Vessel owners suffer as EU seal ban hammers Norway
“You can still smell the seal blood!”
While Norway, along with Canada, continues to fight the European Union’s ban on seal products, the ban’s impact is crippling the seal industry in its Arctic region.
That’s what you’ll hear from Bengt Koreneliussen while he gives a tour of his largest sealing vessel, the Kvitbjorn, or “White Bear,” docked at Norway’s Arctic city of Tromsø.
Koreneliussen runs a tight ship: he flies up ladders and darts through narrow hallways like someone who has spent more time on the water than on land — every rope is coiled, all equipment stowed away, every coffee mug on its shelf in the galley below deck.
But some things are harder to tidy away than others.
As he strides across the wooden deck — which has the dull, fuzzy look of endless scrubbing — he gestures at his feet.
“You can still smell the seal blood!” he exclaims.
With the nearby fish warehouse and the breeze coming off the fiord around Tromsø, it’s hard to tell.
But if anyone would know, it’s Koreneliussen.
He’s one of the last of what was once a traditional profession in northern Norway —a seal hunter.
And his Kvitbjorn was one of only four boats to set sail from Norway this spring to hunt harp seals on the ice west of Greenland.
The Norwegian seal hunt has been in decline for years. But many say that its undoing may be the EU ban on seal products that’s been in force since 2010.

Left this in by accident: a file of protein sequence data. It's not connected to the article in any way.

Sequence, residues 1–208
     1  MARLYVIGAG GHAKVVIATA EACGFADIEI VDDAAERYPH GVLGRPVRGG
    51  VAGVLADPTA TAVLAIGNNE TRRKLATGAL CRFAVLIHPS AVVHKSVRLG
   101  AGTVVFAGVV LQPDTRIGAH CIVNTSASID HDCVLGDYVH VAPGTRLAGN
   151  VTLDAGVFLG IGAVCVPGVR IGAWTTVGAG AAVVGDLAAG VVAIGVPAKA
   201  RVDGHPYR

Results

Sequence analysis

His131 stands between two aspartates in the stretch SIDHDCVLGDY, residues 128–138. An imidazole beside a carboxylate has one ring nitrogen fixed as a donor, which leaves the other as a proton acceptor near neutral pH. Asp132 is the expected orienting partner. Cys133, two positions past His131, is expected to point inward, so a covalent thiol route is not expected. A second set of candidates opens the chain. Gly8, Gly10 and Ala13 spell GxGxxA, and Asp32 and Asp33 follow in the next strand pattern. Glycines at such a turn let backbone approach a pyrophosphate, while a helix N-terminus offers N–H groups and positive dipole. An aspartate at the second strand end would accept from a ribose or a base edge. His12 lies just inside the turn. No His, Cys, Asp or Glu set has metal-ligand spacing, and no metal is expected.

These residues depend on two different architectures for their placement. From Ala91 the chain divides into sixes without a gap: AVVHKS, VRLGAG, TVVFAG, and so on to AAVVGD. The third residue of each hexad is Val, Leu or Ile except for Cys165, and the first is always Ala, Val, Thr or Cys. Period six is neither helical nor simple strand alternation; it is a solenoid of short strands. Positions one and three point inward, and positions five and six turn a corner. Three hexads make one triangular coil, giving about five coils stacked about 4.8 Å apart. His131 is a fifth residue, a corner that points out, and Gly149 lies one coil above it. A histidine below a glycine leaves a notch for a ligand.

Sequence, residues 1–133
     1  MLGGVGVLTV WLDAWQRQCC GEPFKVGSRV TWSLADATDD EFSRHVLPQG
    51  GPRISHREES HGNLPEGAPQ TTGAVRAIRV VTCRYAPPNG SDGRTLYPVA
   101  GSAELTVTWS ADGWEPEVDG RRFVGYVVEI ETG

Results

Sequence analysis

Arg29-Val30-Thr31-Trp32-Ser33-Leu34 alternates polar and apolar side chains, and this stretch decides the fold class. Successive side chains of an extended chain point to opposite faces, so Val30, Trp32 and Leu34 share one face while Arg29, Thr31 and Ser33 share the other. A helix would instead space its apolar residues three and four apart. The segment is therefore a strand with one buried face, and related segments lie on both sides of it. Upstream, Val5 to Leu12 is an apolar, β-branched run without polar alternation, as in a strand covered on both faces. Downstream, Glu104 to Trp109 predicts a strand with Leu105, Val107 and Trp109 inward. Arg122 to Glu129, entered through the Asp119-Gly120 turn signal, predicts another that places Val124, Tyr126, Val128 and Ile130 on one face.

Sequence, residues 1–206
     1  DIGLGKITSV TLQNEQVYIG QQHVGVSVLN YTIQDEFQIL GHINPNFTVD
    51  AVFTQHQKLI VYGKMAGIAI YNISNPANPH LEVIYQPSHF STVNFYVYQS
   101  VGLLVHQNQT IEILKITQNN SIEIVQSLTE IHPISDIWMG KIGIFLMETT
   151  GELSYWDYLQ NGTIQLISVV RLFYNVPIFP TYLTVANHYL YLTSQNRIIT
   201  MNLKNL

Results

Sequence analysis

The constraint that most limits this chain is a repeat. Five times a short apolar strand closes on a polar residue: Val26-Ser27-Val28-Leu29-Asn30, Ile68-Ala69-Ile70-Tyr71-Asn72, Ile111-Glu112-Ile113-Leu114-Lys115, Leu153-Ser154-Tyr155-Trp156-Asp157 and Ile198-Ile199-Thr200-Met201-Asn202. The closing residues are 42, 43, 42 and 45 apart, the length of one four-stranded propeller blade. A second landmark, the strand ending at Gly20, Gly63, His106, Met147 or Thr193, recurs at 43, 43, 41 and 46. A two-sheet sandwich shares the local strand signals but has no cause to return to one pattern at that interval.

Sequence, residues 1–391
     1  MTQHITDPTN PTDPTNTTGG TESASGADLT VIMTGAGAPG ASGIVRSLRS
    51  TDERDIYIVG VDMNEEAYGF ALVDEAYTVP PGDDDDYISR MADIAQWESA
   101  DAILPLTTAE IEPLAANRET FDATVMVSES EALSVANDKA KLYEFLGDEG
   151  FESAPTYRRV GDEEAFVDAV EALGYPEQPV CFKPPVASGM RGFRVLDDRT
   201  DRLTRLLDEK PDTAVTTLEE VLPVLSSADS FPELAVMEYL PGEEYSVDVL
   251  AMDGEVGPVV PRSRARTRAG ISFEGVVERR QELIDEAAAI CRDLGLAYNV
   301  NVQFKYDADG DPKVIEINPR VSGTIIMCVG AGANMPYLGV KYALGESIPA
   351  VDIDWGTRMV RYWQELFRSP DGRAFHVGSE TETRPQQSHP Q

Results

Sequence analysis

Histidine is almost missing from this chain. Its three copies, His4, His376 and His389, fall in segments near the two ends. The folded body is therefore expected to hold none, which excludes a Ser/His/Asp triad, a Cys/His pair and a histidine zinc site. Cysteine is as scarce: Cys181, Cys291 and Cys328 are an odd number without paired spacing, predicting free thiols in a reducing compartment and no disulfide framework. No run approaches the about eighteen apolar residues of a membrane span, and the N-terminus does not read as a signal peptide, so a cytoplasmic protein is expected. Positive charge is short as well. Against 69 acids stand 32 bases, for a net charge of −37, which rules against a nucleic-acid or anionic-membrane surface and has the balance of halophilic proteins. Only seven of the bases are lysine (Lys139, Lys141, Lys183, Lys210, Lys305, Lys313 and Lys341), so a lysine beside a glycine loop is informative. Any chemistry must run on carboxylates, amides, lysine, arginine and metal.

Canada has long been the loudest voice in the fight against the ban, but the other country hit has hard is Norway, which is not a member of the EU.
Koreneliussen’s grandfather began hunting seal in the late 1930s but it was a different story back then, he said. Then, dozens of smaller, wooden boats sailed from Tromsø every year.
But the bigger difference was the amount of money that could be made.
“They say if you come from a good trip,” he said. “You could even buy a house.”
After two or three seal hunting trips, his grandfather had enough saved to buy his own boat. But those days are long gone. The Kvitbjorn brought back about 7,000 seals from a month-long hunt.
Total profit was just over a million Canadian dollars.
Which might seem like a lot, but Koreneliussen said that after paying a full crew for a month, not much is left over. Plus, taking a boat into pack ice means taking a serious financial risk; high fuel usage, poor weather and damage all eat into profits.
Koreneliussen got lucky and bought the Kvitjorn for a fraction of its actual value, he said, because her previous owner had gone bankrupt.
There aren’t many people these days who are willing to invest in a sealing ship — which requires a reinforced hull to navigate Arctic ice packs and can cost upwards of $7 million dollars — with the prospect of such a small return.
But Koreneliussen said doesn’t know how much longer he’ll do this.
His dream, he said is to do more and more transport work for the oil industry.
“When that happens I will stop sealing,” he said.